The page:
Sit With What’s Bothering You

It’s worth taking some time out and simply sitting with difficult thoughts or feelings that bother you without judging or avoiding them.

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It’s natural to have negative and unpleasant thoughts, feelings and emotions stewing within us whatever the source might be. And on many occasions, because we don’t know how to deal with that brewing negativity, we avoid it altogether and simply try to escape by focusing our attention on other things such as doing laundry, washing dishes, watching a movie or TV show, or worst hopping onto Facebook or Instagram. 

Avoidance is akin to a band-aid, it might be a temporary fix, but not a sound strategy for the long-term. It robs us of the opportunity to gain clarity and better understand the ways in which the issue at hand is bothering us, and thus learn more about ourselves. However, when we decide to pay attention to the unpleasantness and negativity within us, and just observe it without any judgments, we take big strides in the right direction.

Just do this tiny experiment. Sit with your spine erect, close your eyes, and focus on your breath going in and out. Think of something or someone that has been bothering you lately. Go inward, embrace this dissatisfaction, and then sit with the feeling in the present moment just as you might provide company to a sick friend or loved one. Just be a spectator and get familiar with this part of you. Don’t try to fix it or get rid of it. Simply cultivate awareness and self-compassion, and sit with this bothersome feeling. Every time you get distracted, gently bring your attention back to it again. After a while, you’ll notice that this feeling of dissatisfaction isn’t as unpleasant and bad as it was before.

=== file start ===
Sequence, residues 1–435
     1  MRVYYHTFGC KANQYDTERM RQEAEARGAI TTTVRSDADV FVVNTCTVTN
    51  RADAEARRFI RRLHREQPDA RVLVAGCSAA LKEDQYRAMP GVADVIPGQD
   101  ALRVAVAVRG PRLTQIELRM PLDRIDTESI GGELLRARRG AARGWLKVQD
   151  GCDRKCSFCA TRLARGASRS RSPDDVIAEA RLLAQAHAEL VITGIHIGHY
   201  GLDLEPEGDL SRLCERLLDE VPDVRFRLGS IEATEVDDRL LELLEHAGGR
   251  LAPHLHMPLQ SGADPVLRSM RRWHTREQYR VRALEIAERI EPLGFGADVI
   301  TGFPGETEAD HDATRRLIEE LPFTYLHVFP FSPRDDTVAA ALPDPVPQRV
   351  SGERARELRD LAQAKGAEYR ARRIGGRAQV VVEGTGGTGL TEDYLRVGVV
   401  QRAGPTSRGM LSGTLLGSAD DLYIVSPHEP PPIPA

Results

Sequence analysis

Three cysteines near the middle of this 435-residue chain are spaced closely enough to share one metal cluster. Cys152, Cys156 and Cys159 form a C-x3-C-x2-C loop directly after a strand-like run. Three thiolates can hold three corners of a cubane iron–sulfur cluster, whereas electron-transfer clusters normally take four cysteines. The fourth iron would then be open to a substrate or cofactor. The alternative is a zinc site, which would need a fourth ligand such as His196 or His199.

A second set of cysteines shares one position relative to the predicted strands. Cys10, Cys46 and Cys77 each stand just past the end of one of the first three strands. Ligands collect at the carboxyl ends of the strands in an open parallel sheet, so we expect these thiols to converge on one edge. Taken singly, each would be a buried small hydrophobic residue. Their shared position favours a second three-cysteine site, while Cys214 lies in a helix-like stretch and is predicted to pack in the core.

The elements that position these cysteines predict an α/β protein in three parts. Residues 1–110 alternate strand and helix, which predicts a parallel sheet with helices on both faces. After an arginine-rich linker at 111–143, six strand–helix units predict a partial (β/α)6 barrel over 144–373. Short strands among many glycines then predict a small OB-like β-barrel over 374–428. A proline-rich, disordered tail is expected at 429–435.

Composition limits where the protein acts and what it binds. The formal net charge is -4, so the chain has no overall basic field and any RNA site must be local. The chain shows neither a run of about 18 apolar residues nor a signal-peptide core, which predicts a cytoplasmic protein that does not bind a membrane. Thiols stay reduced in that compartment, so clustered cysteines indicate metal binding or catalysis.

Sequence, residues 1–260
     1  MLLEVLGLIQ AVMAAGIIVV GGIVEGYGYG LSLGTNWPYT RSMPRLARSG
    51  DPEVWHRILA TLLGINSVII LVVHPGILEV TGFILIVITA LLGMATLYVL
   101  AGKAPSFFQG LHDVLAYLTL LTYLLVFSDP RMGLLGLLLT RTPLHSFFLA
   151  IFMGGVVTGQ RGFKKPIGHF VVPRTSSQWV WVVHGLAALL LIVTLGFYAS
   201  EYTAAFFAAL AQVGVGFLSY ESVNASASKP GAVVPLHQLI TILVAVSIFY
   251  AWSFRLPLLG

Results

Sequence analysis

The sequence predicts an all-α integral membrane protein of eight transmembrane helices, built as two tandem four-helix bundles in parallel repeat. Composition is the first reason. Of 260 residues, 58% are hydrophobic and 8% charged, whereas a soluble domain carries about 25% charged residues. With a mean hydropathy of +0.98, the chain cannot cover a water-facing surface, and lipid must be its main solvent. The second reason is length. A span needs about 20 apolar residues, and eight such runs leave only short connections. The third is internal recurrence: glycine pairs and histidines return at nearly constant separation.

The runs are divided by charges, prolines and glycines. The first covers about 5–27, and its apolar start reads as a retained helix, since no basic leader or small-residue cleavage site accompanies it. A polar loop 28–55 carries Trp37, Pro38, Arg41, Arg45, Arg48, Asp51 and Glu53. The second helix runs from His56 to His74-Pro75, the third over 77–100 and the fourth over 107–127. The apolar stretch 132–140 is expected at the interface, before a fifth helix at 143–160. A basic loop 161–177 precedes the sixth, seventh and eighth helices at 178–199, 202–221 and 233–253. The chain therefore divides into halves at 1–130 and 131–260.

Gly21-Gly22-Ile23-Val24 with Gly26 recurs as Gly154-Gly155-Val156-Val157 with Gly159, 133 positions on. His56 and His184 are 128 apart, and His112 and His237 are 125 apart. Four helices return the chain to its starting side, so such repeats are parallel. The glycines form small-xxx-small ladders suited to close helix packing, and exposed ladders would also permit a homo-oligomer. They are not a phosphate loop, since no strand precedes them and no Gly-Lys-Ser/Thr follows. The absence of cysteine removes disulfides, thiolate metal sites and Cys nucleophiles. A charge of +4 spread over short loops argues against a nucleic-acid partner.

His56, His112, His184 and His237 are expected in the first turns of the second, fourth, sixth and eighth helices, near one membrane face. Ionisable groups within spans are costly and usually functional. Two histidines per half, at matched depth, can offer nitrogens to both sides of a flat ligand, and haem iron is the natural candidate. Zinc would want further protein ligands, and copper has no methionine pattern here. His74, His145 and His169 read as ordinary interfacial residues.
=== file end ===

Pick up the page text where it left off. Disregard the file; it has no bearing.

It’s worth taking some time out and simply sitting with difficult thoughts or feelings that bother you without judging or avoiding them. As you observe your inner cosmos and cultivate mindfulness, you discover the calm within you and experience tranquility, love, and joy. You change your perception, develop better clarity of mind, and find potent solutions to the issue.

Here’s the bottom line: When something bothers you, it’s always best to sit down with it and take refuge in your inner world. As Marcus Aurelius reminded himself to find a retreat not somewhere far in nature, but in himself; for nowhere can you find a more peaceful and less busy retreat than in your own soul.

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People look for retreats for themselves, in the country, by the coast, or in the hills . . . There is nowhere that a person can find a more peaceful and trouble-free retreat than in his own mind. . . . So constantly give yourself this retreat, and renew yourself.


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